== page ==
Female Pioneers of Boxing
January 1926 – National coverage is given to a scheduled boxing match between Annie Newton and Madge Baker to be held at the – Hoxton Baths – for a side stake of 25 pounds, winner take all.
The then British Home Secretary, Joynson Hicks – objecting strongly to female boxing – stepped in and banned the contest from taking place.
According to un-verified sources the fight still went ahead at a later date in private.
Annie started training in the noble art at the tender age of eight, at the family boxing club the “AJ Newton School of Arms” by her uncle, Prof A J Newton who was an ABA champion in 1888 & 1890.
The Newton’s were a show biz family and as the “Newton Midgets” they toured the most famous music halls in London, with their boxing act – which consisted of, club swinging, ball punching, with Annie playing the piano and then Annie would don her boxing gloves and spar with her brother David – followed by a boxing exhibition with her uncle.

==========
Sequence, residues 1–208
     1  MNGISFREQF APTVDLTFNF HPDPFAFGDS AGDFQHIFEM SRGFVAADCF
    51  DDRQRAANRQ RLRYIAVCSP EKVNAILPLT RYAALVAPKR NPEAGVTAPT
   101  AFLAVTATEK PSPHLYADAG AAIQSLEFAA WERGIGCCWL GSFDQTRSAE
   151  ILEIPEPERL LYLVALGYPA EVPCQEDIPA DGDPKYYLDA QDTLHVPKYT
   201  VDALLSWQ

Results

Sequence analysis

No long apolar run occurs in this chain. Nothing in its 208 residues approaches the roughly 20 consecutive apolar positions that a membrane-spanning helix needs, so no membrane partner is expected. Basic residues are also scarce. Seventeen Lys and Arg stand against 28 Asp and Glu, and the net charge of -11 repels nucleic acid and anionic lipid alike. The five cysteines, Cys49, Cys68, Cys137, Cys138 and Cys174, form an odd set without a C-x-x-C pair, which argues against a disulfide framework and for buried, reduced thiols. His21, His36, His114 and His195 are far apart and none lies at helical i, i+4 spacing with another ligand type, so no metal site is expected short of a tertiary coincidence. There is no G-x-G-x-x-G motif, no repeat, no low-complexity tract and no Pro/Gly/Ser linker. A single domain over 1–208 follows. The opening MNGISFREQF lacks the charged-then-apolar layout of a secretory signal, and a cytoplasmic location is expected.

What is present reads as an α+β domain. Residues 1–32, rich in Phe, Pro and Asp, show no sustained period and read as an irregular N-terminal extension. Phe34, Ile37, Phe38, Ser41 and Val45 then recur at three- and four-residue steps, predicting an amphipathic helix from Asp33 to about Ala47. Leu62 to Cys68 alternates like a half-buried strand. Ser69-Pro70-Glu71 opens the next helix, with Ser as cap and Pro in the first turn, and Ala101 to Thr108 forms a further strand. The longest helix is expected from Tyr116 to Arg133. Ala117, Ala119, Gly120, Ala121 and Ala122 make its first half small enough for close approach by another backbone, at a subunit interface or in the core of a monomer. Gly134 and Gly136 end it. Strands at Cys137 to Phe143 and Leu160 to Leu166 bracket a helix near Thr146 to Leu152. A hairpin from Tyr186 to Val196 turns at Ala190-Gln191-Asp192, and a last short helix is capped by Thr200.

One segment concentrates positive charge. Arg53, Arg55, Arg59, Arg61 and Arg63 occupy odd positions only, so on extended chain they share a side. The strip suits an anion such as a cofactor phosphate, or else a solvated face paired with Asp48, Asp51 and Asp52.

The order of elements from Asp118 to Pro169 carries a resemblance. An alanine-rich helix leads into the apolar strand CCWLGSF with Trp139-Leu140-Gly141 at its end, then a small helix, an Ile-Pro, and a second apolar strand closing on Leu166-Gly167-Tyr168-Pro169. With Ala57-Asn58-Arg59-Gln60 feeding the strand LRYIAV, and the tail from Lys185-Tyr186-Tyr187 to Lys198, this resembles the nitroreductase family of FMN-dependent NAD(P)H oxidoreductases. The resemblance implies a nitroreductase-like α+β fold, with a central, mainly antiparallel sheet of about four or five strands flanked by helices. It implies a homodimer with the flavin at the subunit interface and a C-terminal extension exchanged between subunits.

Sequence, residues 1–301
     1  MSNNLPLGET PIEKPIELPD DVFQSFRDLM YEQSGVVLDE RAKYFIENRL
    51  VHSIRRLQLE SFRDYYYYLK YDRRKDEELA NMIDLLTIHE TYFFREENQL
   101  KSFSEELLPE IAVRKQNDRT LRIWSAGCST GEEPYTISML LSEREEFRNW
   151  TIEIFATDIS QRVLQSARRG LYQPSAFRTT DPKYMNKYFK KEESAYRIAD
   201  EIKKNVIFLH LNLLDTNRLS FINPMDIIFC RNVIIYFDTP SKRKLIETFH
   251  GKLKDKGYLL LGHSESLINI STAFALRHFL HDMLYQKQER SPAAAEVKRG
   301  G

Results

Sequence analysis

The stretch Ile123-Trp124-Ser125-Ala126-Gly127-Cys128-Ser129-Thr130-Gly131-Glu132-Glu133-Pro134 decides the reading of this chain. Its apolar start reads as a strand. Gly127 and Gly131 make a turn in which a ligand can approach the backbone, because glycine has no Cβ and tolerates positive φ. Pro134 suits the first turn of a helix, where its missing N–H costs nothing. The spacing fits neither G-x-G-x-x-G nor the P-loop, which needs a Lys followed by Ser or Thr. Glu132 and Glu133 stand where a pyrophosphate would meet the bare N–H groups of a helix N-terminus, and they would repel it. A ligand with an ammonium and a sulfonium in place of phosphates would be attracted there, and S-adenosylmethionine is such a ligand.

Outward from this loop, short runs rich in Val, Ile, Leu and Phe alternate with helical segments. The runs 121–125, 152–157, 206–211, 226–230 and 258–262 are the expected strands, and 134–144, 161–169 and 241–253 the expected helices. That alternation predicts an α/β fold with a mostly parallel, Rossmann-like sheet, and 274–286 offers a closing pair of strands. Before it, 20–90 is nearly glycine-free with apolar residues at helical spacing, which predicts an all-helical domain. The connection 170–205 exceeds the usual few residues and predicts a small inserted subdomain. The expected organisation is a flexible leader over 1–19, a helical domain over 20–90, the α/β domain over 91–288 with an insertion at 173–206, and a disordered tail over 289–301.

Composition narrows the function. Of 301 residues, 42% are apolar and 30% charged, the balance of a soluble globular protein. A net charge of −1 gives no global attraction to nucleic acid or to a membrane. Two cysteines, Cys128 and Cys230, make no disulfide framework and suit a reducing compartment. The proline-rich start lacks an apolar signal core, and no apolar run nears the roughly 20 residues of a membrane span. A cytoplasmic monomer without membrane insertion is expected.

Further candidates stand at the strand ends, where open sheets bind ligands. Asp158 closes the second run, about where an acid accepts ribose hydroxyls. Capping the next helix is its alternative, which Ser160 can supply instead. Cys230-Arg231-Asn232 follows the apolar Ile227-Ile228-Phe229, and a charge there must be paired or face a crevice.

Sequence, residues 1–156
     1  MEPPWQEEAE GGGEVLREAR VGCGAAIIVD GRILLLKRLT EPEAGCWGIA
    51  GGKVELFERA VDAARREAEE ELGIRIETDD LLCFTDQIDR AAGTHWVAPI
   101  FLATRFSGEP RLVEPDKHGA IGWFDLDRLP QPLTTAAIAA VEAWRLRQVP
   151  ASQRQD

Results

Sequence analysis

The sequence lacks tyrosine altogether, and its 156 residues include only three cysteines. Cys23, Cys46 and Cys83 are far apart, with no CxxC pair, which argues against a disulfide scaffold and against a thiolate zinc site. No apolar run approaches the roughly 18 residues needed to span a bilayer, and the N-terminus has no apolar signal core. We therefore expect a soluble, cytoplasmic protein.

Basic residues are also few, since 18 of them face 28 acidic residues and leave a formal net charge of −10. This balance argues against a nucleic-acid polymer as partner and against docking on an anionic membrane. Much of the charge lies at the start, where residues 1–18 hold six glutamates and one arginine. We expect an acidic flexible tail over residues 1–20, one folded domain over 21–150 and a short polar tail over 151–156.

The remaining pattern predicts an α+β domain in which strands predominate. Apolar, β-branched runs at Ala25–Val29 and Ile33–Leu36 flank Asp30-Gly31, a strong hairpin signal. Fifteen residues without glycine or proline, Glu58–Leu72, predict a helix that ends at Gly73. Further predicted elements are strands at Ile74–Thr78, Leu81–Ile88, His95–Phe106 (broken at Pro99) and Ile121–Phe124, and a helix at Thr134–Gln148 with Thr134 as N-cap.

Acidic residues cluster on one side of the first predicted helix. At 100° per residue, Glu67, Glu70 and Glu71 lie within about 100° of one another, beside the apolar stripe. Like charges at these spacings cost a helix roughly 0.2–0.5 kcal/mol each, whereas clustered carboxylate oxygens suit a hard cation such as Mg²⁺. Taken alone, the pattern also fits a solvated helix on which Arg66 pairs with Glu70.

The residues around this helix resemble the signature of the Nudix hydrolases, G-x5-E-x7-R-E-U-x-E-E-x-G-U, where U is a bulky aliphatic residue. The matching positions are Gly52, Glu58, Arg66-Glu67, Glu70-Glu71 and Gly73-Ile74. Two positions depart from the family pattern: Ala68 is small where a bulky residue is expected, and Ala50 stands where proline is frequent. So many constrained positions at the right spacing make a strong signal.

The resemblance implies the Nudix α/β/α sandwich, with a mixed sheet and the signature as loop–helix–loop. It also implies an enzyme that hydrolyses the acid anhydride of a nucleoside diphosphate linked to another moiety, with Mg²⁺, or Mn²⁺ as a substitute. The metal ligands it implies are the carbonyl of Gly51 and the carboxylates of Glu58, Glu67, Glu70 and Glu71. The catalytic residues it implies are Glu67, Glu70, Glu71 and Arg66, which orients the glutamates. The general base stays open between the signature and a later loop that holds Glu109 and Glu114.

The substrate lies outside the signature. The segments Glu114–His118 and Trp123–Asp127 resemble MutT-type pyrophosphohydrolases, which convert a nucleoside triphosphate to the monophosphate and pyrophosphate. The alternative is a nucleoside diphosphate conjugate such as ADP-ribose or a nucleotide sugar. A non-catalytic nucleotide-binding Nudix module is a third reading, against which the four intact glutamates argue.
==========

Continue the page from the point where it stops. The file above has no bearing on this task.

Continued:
Since public competitive boxing for women was prohibited, fights were held in private. Annie is reputed to have taken part in 50 six round contests and won them all inside the distance. Some of these contests were held in, South Africa.
Annie was a celebrity in her time and renowned as a hard and unrelenting puncher, often taking part in three round boxing exhibitions against men. She also trained and spared regularly with one of the best British boxers of the 20’s era, Nipper Pat Daly.
Annie was the only female to entre the ring at the famous, NSC – Convent Gardens (Boxing Club 1891 – 1938) considering the era, this was quite an achievement.